As I write this review, I can't help but think of Little Nemo: The Dream Master. Like that wonderful game pak, a lot of the music in Zoda's Revenge is so enjoyable even though it is incredibly simple! I felt that the overworld tracks for each chapter were wonderful in that the composers really captured the spirit of each era. Some of the tunes that play during the Prehistoric and Old West chapters are great! I also enjoyed the gentle Chapter 3 maze theme a lot.
Of course, the dungeon tracks are very good as well! And there is a lot of different dungeon music too which is one minor gripe I had with the first StarTropics game (which had just one primary dungeon theme until late in the game). Although most of these dungeon tracks are upbeat, encouraging, and even a little adrenaline-pumping, a few are eerie and mysterious as well. Who could forget the Transylvania Castle theme? Lastly, one can't talk about the game's music without mentioning the excellent Zoda boss music or the memorable ending theme. Nintendo really laid down the gauntlet with Zoda's Revenge in the music department. This game sounds great!
On the flip side, while the sound effects are pretty good overall, there is a very annoying sound that repeats over and over when your life meter is low. This sound is incredibly irritating too. I suppose that at the very least, it gives you the incentive to keep that life bar full! With the exception of that one hideous sound (and it truly is awful), the music is superb.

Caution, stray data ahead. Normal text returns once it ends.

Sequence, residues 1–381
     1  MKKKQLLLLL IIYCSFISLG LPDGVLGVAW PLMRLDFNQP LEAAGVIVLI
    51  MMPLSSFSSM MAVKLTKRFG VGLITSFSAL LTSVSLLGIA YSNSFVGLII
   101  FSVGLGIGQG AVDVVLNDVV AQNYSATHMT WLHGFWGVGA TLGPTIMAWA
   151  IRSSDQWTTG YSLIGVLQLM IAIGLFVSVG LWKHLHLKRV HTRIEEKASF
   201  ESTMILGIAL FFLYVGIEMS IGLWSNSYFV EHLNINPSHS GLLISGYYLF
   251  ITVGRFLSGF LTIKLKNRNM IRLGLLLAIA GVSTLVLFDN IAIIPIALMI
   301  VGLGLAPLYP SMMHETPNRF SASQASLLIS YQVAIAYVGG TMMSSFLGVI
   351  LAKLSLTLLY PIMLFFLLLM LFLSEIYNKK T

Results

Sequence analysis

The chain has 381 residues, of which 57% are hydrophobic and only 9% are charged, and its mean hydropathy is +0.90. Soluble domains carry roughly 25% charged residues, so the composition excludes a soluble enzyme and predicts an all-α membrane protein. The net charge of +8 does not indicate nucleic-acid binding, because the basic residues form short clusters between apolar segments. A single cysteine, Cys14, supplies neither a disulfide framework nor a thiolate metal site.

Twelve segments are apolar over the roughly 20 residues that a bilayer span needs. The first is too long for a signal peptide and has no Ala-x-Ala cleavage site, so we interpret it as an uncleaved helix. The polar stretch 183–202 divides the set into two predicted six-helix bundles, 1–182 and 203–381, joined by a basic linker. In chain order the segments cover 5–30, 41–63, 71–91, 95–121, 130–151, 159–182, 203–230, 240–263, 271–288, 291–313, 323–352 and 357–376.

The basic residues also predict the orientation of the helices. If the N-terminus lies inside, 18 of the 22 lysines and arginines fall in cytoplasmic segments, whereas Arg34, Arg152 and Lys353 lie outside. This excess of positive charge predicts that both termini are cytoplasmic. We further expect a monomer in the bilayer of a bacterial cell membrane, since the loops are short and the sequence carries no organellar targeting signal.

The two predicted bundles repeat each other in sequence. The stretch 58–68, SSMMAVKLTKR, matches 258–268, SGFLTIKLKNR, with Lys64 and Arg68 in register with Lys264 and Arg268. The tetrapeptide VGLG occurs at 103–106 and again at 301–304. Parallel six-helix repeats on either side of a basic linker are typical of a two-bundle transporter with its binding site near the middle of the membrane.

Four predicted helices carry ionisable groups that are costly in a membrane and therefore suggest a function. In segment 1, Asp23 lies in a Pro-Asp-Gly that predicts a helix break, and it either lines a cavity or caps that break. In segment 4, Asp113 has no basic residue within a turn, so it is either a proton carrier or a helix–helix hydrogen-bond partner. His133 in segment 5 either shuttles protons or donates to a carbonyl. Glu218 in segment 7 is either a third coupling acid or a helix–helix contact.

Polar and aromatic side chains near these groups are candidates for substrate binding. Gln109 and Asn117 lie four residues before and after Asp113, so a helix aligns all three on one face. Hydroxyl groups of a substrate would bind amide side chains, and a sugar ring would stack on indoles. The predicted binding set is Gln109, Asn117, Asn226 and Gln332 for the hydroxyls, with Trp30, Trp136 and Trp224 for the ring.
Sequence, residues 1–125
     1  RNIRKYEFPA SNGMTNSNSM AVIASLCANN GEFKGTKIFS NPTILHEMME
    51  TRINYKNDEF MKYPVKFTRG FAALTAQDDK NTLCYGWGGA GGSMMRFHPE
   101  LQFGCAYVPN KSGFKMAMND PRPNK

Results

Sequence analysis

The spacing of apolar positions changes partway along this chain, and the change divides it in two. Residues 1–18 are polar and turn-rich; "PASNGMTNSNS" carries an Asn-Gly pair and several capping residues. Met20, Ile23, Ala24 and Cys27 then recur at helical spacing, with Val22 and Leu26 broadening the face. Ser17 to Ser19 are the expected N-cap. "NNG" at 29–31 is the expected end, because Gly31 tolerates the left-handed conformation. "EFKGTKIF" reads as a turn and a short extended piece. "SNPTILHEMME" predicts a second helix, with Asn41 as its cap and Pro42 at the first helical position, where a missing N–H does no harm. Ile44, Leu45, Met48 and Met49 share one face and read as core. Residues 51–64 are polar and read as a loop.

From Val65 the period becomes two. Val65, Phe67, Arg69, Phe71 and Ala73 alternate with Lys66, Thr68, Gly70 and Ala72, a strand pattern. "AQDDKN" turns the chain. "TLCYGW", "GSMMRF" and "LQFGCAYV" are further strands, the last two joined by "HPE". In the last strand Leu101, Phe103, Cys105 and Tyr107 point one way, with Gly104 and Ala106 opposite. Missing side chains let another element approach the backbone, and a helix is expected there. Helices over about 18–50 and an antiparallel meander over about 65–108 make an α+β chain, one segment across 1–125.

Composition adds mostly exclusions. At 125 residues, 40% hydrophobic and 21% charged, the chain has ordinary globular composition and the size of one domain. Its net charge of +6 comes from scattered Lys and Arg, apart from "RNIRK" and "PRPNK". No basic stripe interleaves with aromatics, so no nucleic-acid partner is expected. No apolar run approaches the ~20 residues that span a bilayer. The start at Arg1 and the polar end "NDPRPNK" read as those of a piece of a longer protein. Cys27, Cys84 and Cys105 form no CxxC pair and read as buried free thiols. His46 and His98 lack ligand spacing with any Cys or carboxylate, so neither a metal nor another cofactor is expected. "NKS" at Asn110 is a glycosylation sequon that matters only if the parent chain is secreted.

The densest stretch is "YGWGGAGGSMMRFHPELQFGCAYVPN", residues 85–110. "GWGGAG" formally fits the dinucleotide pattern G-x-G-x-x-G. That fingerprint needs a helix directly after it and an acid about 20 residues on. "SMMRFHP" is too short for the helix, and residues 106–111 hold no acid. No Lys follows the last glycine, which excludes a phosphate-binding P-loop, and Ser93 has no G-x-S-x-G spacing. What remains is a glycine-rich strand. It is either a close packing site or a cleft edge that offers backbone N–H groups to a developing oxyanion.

Play Control: The controls in Zoda's Revenge are probably better than the original Startropics game since you can now move/jump diagonally instead of being limited to four directions and having that odd delay whenever you want to switch directions and move. Of course, there are times when I wish that you couldn't move in the air while you jump like in the original StarTropics classic (I can't tell you how many times I've lost a life by falling into a pit in Zoda's Revenge.) While the controls are certainly improved overall, I can't shake the feeling that they are still just a little bit stiff at times. I wish that you could move just a bit faster and possibly jump just a bit further. Other than that, I have no real qualms with the controls.